Labour is the backbone of any successful construction project. However, creating an accurate estimate of labour costs involves taking into account a range of factors that are often difficult to estimate. These include employee time and fluctuating worker productivity, as well as leaving room for unforeseen changes in the project schedule.
Here are some tips from Surf City Cranes in Brisbane, on how to create a more accurate and meaningful estimate of the most important cost in construction projects: Labour.
Known Knowns: The Labour Base Rate
For a cost estimation that deals with many unknown factors, the one that is most clearly known is the labour base rate. The labour base rate will depend on the number of members on the crew. Members in different roles, with more qualifications or more years of experience, will be able to command higher wages, which will have to be reflected in the overall labour base rate. Using these considerations, it’s possible to calculate how much the total construction project will have to pay for labour per hour.
Known Unknowns: Costs Outside of Wages
Workers are entitled to more benefits than just their hourly wages, and this cost will have to be calculated into the labour costs of a construction project. These costs could include superannuation payments, public holidays, leave, benefits specific to the employer such as insurance and trainings, and other factors. Keep in mind that non-wage labour costs can fluctuate, as workers may take more or less leave than expected.
Each aspect of non-wage labour costs will need to be calculated separately. Superannuation payments are easy to calculate. However, calculating leave for holidays, sick days and similar rights will first need an accurate understanding of how long the worker will be employed to work on the construction project, to calculate the proportion of annual leave that will be dedicated to the project.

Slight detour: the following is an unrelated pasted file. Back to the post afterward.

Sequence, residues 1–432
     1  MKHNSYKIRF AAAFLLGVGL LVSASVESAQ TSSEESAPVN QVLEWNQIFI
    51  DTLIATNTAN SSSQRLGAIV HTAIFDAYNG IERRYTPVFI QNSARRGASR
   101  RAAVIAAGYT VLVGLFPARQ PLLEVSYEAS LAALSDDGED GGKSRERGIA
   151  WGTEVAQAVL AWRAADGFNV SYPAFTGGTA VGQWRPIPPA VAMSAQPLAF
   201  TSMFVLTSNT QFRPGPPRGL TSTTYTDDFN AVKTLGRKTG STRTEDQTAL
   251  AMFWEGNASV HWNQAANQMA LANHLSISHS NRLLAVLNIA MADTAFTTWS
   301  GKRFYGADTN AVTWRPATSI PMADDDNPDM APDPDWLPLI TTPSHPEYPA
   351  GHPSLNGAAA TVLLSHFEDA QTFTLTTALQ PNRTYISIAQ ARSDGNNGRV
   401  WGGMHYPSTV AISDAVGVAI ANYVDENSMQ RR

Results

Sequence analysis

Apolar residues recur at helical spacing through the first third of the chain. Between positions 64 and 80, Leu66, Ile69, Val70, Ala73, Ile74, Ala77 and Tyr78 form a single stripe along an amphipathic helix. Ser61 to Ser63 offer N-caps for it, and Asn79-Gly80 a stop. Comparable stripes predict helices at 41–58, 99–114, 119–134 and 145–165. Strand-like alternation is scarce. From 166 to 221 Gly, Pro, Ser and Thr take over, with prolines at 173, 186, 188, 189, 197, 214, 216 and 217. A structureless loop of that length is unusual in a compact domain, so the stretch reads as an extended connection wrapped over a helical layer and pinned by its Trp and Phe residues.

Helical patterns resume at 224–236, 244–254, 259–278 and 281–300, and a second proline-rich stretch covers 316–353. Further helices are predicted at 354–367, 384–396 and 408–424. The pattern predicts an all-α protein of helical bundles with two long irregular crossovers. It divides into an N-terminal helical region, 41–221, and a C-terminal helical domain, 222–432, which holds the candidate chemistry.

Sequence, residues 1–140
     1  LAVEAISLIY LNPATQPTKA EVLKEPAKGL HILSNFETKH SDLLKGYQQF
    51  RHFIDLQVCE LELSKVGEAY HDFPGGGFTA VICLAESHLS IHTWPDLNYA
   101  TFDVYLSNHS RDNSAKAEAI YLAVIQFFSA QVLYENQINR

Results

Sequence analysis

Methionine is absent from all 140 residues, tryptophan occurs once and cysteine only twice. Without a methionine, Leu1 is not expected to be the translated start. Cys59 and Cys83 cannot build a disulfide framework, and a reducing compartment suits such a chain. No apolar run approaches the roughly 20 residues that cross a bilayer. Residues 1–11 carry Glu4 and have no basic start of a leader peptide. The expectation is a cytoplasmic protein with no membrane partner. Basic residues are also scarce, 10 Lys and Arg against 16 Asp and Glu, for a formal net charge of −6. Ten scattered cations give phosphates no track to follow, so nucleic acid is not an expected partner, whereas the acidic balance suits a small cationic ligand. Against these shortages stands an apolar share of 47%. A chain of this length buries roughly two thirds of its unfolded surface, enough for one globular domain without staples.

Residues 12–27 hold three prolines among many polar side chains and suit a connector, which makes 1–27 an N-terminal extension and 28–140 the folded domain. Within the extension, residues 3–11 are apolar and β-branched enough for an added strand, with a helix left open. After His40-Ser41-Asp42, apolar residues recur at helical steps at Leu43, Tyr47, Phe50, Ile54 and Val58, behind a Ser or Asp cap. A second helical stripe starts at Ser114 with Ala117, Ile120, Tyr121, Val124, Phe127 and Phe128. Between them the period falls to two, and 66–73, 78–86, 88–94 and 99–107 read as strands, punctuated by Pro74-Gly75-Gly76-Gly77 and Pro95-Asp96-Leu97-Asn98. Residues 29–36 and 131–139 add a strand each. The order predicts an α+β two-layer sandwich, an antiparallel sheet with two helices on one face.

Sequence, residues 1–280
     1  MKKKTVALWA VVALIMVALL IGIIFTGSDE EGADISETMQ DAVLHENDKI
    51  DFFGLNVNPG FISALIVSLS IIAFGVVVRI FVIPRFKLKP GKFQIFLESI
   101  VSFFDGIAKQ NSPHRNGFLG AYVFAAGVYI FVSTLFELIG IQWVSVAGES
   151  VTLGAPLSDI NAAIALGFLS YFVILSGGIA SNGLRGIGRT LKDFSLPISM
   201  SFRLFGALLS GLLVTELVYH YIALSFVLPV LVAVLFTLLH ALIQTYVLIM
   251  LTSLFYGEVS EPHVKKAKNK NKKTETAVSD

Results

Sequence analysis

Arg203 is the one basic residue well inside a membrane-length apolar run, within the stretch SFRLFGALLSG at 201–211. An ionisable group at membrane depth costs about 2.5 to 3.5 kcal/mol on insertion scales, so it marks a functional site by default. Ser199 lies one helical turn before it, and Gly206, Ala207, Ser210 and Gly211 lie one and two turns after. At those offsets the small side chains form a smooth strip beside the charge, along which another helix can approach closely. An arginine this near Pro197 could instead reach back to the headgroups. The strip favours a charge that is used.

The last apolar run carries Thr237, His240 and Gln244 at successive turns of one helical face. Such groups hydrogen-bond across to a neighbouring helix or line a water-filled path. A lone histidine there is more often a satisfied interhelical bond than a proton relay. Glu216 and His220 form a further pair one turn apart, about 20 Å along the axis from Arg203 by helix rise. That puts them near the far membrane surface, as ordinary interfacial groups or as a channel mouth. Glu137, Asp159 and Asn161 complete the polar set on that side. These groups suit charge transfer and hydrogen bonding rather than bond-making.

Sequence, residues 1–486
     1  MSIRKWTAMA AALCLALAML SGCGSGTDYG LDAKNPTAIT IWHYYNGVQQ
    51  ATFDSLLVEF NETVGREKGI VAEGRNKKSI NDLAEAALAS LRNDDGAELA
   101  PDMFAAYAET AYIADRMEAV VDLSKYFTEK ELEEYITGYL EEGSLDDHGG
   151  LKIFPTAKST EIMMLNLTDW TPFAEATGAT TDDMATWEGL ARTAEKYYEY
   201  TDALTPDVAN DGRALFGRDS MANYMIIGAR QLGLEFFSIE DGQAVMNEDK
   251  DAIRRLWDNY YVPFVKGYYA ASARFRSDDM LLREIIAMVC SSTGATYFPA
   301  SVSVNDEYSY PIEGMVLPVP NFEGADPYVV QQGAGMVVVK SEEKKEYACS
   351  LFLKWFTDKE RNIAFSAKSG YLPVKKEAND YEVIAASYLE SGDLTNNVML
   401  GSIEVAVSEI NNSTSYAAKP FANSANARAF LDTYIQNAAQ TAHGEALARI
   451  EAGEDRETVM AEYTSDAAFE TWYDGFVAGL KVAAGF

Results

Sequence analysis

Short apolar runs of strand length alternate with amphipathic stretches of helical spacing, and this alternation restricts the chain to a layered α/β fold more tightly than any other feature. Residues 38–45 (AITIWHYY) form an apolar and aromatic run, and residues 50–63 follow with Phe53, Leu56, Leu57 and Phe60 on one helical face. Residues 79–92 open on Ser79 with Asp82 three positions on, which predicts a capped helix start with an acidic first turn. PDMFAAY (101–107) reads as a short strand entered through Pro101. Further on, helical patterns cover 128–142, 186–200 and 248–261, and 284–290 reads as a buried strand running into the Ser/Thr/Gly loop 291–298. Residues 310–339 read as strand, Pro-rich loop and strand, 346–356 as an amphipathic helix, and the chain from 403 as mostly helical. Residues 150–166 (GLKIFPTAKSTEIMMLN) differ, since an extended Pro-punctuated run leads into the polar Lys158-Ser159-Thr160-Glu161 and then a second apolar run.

Unknown Unknowns: Unforeseen Delays
Underestimating labour costs is one of the most common mistakes that plague construction projects. Even if care is taken to come up with a labour base rate that takes into account the wage variation for different types of workers, construction projects are often delayed. Unforeseen delays stretch out the project so that you have to employ your workers for longer, quickly blowing up your projected labour budget. Labour costs are one of the biggest parts of a construction budget, so a miscalculation here can have large implications.
What Can Lead to Mistakes in Estimation?
There are a number of software options to help estimate the labour cost of construction projects. Of course, the ends are only as robust as the means, so an inaccurate estimation software means an inaccurate projection.
Any labour cost estimation should be tempered by common sense. For example, estimations made by people who haven’t first visited the construction site may not take into account the unique challenges of a given site.
Worker productivity can also fluctuate over the course of a project, and this may be difficult to project for.
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